Maybe a baby will come tonight, maybe not. The contractions don't seem hard enough or long enough, so we head out for a walk. The mama is bouncing, so excited to meet her little one. She's been doing well and I wonder just how far along in the birthing process her body is. I'm concerned that she might be a very rare one that doesn't feel labour. I ask questions and pray lots because I don't want to deliver a baby. I'm not qualified, not yet anyway. Hopefully someday.
The snow has stopped falling, and it is cold enough that the snow shimmers like it has been sprinkled with glitter. The air is crisp, but not crazy cold like it had been earlier. All is calm and bright, most folks gone to sleep in this small town. We wander through the streets, climbing the hill and looking in the windows. I learn more about this couple, my friends and now clients. We reach the business area of town, where snowbanks line parking lots. I suggest the climbing of one and off they scramble, like children. He climbs first, finding footholds for her, and then up she goes, giggling in delight. It's fun and beautiful, this playful walk under bright stars. Their love shines too, his protection, care and sacrifice for her as he left his boots at home. She trusts him, that he will make good paths and won't let her fall. He doesn't.
We keep walking, back down the hill past their place and then over the river, up an even longer hill to a historical building on the other side. They've seen it while driving past, but didn't know what it was. We find the plaque up against the old stone wall. Behind us a large stone building looms, an old school built in 1850 by an English Quaker. It dates back to before Confederation, to Upper and Lower Canada, when there was a Prime Minister of Ontario. We know this because the fourth Prime Minister of Ontario graduated from this school. We take turns reading the sign and then discuss how Canada has changed. On this cold bright night, the old buildings seem almost magical. We turn to go back.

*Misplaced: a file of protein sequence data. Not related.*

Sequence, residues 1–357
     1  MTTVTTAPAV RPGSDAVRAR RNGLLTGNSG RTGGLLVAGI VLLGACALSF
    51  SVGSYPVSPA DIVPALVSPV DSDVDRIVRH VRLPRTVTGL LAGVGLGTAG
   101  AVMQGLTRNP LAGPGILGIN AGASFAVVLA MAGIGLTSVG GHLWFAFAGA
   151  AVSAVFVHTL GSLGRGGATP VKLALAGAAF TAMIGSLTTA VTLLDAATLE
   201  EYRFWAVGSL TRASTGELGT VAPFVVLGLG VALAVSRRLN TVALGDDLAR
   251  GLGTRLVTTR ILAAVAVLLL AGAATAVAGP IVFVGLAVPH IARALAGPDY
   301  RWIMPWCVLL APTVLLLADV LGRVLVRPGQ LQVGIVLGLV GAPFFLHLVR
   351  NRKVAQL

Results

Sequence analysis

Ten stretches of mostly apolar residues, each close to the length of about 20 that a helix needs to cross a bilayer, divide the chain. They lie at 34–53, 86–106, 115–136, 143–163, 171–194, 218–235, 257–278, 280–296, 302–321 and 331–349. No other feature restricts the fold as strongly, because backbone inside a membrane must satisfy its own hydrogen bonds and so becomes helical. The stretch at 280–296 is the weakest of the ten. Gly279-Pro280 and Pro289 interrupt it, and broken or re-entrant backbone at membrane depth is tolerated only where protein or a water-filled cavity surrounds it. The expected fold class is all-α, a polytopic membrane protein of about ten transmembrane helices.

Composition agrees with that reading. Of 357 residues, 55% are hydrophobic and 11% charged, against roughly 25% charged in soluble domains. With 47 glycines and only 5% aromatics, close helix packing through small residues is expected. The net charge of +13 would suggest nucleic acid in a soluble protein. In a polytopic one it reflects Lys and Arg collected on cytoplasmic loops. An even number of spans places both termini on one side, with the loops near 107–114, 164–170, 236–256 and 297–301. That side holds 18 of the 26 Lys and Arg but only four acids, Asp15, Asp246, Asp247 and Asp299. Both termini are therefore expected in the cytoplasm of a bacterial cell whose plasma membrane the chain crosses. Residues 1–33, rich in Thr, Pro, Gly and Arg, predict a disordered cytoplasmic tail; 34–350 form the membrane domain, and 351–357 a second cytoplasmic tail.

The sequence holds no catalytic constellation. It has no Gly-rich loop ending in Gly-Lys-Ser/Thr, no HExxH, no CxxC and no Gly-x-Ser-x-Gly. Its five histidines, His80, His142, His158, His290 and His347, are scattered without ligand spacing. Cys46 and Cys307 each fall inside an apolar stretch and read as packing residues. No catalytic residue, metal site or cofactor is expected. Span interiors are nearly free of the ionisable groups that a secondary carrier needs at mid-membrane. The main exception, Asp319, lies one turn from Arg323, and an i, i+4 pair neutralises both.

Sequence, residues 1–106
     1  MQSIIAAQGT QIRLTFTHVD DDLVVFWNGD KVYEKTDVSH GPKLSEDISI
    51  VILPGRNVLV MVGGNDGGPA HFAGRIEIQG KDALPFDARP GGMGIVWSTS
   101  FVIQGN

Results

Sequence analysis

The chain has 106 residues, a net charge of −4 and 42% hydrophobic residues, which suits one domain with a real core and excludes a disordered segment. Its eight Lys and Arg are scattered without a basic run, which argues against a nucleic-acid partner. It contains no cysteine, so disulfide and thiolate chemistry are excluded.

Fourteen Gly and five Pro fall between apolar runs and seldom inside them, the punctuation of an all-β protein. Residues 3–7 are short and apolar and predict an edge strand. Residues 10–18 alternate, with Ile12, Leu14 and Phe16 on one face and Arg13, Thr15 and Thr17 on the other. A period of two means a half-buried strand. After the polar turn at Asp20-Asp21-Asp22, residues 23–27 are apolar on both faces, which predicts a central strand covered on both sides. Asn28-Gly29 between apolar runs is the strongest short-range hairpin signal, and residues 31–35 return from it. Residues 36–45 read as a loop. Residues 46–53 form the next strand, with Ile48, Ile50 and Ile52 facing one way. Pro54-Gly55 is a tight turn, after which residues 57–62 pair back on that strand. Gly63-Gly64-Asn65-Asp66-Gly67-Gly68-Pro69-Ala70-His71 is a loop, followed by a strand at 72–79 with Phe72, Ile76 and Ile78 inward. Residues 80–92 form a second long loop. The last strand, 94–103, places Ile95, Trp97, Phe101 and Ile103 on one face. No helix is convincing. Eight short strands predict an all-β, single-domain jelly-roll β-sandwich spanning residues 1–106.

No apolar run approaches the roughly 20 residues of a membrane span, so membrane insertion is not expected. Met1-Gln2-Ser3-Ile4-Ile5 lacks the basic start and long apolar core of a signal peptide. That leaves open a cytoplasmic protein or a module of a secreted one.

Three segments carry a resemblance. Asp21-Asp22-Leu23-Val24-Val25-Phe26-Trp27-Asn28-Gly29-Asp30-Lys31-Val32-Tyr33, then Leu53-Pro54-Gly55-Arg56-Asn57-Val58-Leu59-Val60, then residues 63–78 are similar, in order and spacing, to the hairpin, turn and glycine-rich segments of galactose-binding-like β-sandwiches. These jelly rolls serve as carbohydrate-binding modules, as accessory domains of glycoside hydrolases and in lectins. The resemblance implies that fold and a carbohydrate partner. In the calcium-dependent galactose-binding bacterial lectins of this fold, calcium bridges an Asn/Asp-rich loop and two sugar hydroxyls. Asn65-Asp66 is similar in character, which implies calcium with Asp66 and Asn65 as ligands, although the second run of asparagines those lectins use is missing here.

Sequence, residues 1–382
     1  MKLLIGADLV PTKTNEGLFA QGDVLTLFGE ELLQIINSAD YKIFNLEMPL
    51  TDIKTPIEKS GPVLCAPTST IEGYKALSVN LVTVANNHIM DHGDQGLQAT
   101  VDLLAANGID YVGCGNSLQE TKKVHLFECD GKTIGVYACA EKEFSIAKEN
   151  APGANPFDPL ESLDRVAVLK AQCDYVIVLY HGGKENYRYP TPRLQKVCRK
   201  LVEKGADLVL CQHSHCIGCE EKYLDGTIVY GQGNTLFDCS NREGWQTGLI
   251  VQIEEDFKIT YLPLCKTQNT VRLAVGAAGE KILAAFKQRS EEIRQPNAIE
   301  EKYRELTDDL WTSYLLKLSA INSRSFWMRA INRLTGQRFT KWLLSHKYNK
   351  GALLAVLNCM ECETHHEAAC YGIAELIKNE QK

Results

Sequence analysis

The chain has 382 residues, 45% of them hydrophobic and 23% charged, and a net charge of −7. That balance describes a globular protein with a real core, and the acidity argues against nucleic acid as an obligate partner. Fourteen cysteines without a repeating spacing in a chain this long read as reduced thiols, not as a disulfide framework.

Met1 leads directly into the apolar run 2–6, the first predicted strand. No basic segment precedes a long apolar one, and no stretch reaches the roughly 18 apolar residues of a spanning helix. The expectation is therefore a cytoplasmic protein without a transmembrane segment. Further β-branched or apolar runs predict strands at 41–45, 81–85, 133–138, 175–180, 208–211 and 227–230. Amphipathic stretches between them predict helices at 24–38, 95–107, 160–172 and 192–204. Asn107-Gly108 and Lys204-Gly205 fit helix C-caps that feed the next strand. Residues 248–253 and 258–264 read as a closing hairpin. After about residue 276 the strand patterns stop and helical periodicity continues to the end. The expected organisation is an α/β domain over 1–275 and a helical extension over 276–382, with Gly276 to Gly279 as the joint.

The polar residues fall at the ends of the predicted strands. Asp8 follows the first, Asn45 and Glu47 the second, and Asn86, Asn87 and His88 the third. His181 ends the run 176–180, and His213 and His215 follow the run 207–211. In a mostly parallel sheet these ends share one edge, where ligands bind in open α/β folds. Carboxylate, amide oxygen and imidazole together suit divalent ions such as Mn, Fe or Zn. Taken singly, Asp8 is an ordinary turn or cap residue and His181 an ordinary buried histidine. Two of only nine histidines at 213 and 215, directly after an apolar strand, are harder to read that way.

The baby doesn't come. We waited for awhile and then slept, but still no baby. I could feel frustrated over a wasted evening, but instead I'm remembering those magical moments. I'm learning more, mostly to trust what I know. Second guessing myself comes too easy, but doesn't help when making judgement calls. But I learnt more that night about my friends and my community. I had fun walking and laughing beneath the stars. The baby will come in his/her own time. I will wait and be patient while treasuring the memories of our midnight adventures.
Linking with Emily and the rest